Magazine article Whole Earth


Magazine article Whole Earth


Article excerpt

A History of Ignition

Clay pot for transporting hot coals from Kashmir. Before clay, embers were surrounded by leaves and transported in hollow stalks, horns, and special pots of stone or bamboo. The hot coals came from natural burns. Many pots had tiny holes so that when the coals began to die, they could be whirled about or blown upon to keep them alive. A dead pot was a disaster, and the "perpetual fire" rituals had obvious importance.

With the discovery that you could knock big sparks out of pieces of iron pyrite, fire-starting turned to steel and flint. Steel/flint ignition still required tinder, which now included old rags, weathered hemp rope, and specially prepared agaric. The Chinese pouches for tinder (with the flint and steel sewn in) were called chuck mucks. They can be considered the first lighters, as they assembled igniter and tinder into a single package. The tinder box shown is from Europe.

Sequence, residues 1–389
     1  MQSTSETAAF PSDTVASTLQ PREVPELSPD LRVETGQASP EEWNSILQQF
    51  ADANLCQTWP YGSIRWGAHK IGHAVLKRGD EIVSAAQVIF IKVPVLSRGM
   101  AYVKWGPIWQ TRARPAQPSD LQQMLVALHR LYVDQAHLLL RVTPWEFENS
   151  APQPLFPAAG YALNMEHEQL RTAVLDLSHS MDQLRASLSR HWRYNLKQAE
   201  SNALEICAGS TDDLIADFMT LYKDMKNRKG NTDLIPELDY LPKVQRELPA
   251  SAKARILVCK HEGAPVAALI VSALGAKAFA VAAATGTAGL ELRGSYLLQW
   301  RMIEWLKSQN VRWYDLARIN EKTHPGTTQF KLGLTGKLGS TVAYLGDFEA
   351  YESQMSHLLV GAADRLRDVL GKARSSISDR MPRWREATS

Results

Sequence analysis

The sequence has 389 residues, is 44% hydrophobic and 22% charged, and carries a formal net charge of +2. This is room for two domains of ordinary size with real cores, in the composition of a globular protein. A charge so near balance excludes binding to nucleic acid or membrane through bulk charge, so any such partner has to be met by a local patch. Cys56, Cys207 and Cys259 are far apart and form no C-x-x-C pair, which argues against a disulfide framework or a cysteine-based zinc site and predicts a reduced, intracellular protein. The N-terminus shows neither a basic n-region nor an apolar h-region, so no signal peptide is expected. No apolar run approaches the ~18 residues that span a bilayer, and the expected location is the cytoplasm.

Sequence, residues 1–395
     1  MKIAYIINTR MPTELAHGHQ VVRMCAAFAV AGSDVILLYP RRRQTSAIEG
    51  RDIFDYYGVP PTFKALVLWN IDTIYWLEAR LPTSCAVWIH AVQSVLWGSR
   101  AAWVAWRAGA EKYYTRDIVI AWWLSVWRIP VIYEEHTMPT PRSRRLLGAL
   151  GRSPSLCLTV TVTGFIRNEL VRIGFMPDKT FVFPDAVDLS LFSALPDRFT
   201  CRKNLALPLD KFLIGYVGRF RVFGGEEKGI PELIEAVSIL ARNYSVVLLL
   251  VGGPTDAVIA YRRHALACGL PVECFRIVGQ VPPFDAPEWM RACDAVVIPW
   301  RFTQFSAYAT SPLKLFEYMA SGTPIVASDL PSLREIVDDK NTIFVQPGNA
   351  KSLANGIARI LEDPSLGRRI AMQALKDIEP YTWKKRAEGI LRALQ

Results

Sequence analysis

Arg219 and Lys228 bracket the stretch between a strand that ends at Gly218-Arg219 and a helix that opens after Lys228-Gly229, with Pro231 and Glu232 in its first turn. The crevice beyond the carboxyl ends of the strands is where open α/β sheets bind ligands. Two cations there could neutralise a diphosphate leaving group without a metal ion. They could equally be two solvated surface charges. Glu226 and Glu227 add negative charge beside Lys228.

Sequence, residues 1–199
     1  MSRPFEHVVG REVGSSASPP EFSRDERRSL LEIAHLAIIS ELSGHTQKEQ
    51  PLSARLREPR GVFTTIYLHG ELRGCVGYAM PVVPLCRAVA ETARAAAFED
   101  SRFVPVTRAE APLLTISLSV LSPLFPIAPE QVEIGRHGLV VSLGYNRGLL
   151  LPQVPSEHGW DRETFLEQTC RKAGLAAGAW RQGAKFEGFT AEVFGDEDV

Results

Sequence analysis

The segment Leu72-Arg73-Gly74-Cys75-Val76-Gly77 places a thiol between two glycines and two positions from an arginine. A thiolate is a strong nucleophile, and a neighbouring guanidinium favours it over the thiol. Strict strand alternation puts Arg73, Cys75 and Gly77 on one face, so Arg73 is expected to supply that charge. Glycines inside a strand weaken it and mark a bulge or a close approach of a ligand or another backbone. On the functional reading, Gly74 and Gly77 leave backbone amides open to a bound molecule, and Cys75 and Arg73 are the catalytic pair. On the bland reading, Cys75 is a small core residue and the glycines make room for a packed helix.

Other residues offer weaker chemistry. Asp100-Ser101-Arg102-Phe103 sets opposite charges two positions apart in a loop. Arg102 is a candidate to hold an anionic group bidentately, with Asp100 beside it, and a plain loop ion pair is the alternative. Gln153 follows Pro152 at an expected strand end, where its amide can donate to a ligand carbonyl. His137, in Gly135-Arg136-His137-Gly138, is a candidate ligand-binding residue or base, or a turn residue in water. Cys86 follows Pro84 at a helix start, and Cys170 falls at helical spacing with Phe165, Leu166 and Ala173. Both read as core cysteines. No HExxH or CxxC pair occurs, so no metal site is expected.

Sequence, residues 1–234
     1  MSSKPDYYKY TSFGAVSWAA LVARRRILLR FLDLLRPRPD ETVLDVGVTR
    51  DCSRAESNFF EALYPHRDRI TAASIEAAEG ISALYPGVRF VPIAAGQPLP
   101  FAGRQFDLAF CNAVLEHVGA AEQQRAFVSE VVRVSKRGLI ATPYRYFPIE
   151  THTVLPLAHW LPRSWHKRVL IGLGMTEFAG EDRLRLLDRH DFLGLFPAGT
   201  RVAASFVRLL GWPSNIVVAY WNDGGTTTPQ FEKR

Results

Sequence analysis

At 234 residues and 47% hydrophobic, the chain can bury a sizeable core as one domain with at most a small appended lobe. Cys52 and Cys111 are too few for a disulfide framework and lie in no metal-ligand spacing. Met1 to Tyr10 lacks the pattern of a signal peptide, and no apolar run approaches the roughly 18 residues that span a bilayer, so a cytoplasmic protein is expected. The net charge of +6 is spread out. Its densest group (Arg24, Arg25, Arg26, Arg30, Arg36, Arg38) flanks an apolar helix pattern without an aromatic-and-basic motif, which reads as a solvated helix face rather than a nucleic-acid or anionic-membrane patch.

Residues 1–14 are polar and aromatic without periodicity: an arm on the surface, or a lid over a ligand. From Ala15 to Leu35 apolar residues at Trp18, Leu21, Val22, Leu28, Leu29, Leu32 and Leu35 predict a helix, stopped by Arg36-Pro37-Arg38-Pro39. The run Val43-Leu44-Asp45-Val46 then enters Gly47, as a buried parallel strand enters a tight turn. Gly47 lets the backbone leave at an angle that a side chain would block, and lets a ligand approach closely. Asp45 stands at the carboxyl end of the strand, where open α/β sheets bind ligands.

Fire ignited by hard work. Fire drills, bows, and "ploughs" used friction to ignite tinder from hot spots. Pyrite stones produced sparks when knocked together. Animal nests, dung, and dried agaric mushrooms were early favorite tinder to "catch" the spark or burning fire board.

Mid-1660s. Tinder pistols added gunpowder and became the first "lighters." The barrel became the tinder box. An abundance of broken pistols spurred the business.

Matches have a parallel history to lighters. They started with hazardous sulfur-tipped sticks in Roman times, then switched to dangerous white phosphorus (it ignited in the sun and inhalation caused badly disfigured jaws and teeth). After many attempts, a red phosphorus "safety match" was invented in Sweden and took off as a cigarette lighter during the Crimean War of the 1850s. …

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